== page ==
When I walked into the micro lab this morning to go to huddle Amy was tallying some numbers - she wearily asked me if it was huddle time already, staying concentrated on her task. I asked her what she was doing and she told me she was tallying up the number of Covid tests we did over the weekend. Over 500 Friday, Saturday and Sunday. She showed me a big number - over 96,600. She perked up. See that? When we get to 100,000 Paula promised us a pizza party. We thought we wouldn't make it, but with this new Delta variant I think we are going to get there. In a few days, by the looks of it, I thought.
A rather morbid benchmark, I communicated. She said, hey, we will take what we can get. We earned this. Not denying that, I said - if Paula reneges on her promise I'll buy everyone pizza. Reminded me of residency, when the VA gave a pizza party to the medicine team that got the most consents for autopsy every month. Autopsies are fine once or twice a year but when you are on the rotation in residency five or six a week (seven or eight if you are super unlucky) will have you cursing the pizza party promise.
Clean up today was busy - I went to get a redeye after lunch to get me through the afternoon. I bumped into Zach, who is a super sweet nurse who took care of my dad in the CVICU and always asks after him and the rest of my family. I asked him how many of the ECMO patients have Covid. All of them. We are full to capacity. This isn't what we were seeing in January. I've got a 20 year old college football player. A forty year old who was at the pinnacle of health. So, I wondered, how many of these patients get off ECMO and make it? I know the odds are grim. My dad, who was on ECMO then weaned off then placed on it again, is nothing short of a miracle. The 15 years younger doctor who was placed on ECMO at the same time he was did not make it. Dad was the first survivor in the history of Baptist to make it off of the external right ventricular assist device - Bhama brought it from Ohio - and that was freaking ECMO step down. Zach said even if they make it off of ECMO a lot of them die of pneumonia or sepsis.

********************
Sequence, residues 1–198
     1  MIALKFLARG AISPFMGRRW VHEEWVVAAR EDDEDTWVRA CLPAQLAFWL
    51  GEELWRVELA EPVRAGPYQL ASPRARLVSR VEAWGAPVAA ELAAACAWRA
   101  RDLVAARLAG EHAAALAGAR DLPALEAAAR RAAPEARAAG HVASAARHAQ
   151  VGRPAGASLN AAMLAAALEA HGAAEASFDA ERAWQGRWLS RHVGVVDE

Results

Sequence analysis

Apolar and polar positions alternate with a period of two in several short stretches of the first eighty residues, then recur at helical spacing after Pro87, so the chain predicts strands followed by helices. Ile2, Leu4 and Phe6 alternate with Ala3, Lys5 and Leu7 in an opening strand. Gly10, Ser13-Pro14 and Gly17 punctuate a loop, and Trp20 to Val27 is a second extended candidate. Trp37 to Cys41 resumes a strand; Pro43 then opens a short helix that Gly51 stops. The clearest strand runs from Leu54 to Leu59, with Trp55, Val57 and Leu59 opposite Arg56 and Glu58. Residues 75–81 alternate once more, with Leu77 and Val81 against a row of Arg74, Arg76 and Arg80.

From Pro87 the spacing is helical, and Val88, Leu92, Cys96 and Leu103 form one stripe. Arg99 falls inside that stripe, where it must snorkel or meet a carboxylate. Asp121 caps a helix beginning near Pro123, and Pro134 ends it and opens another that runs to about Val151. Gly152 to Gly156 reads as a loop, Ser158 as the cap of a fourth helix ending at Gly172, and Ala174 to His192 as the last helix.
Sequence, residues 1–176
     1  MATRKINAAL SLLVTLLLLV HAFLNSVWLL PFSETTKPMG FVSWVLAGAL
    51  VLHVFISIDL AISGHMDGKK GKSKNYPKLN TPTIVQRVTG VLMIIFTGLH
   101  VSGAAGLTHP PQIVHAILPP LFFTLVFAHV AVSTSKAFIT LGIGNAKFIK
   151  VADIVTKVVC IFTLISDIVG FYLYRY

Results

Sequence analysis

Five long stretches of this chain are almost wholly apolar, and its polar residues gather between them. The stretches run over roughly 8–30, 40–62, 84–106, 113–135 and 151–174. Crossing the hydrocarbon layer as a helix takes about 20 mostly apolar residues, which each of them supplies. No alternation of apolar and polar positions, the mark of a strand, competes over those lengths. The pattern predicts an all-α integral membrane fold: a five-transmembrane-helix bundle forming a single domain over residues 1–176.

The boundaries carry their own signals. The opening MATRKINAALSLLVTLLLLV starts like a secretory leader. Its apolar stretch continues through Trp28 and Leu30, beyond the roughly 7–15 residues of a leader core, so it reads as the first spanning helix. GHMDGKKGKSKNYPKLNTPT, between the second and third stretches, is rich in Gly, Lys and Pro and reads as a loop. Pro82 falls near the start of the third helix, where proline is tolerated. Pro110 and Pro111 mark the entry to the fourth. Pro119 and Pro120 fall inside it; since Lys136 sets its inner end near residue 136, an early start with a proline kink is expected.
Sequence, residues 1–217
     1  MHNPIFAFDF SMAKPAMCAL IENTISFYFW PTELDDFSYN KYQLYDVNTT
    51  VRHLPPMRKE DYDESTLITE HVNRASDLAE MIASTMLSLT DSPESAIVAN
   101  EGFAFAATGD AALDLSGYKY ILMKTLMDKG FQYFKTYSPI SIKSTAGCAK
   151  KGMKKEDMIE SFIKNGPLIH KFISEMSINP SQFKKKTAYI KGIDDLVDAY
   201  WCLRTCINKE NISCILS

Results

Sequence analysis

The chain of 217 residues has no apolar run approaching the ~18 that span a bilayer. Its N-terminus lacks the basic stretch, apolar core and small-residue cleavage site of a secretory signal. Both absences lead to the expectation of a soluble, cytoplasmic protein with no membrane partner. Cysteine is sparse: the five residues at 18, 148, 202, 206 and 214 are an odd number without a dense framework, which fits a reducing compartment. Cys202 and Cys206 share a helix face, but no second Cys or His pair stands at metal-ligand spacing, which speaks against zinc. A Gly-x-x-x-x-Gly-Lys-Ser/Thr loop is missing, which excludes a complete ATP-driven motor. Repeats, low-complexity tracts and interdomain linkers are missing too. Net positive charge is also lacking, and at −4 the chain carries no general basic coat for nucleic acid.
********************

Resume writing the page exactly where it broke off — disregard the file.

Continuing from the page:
Kathy Parnell - I've talked about her before - bubbly platinum blonde hospitalist with a wonderful personality called me about a liver core I got over the weekend. I told her what Zach told me. She said yeah, that 20 year old is my patient. I got back from vacation July 10, and I have admitted many Covid patients, most of whom are unvaccinated. A few are partially vaccinated. The vaccinated do fine. I have successfully treated and discharged one unvaccinated patient. The rest are critical or dying or dead. But this guy, he is Covid free! What do you think about the liver? I was kicking myself today wondering if I should have consulted Sosnoff over the weekend to scope him and save time, but it just doesn't seem like colon cancer. You are absolutely right, I told her, not colon at all three of us have looked at it number one differential is well diff hepatocellular. Which it was, and she called Melody's sister Rhonda when I texted her to get an oncologist on the case.
Speaking of Melody, poor thing is recovering from a nasty sore throat and cough (we swabbed her and threw it on the turnaround 1 hour Panther last week and when she came into my office with a negative result we both almost wept in relief). I told her the ECMO story, and she said so that's what that ECMO class is about in the hall. I recalled seeing an ECMO class sign on a door and lots of employees heading in. Of course. Staff is stretched to the limit they need to train more people to help out.
I watched another inservice today while triaging morning cases - new information on Delta from Novack and Dillaha and Keller and someone else I'm blanking on it was over an hour. It felt like Groundhog Day. Someone who is closer to Mandee than me told me she took June off to recover from the pandemic. Now here we are again at square negative one. But life goes on. Happy Monday, much love, Elizabeth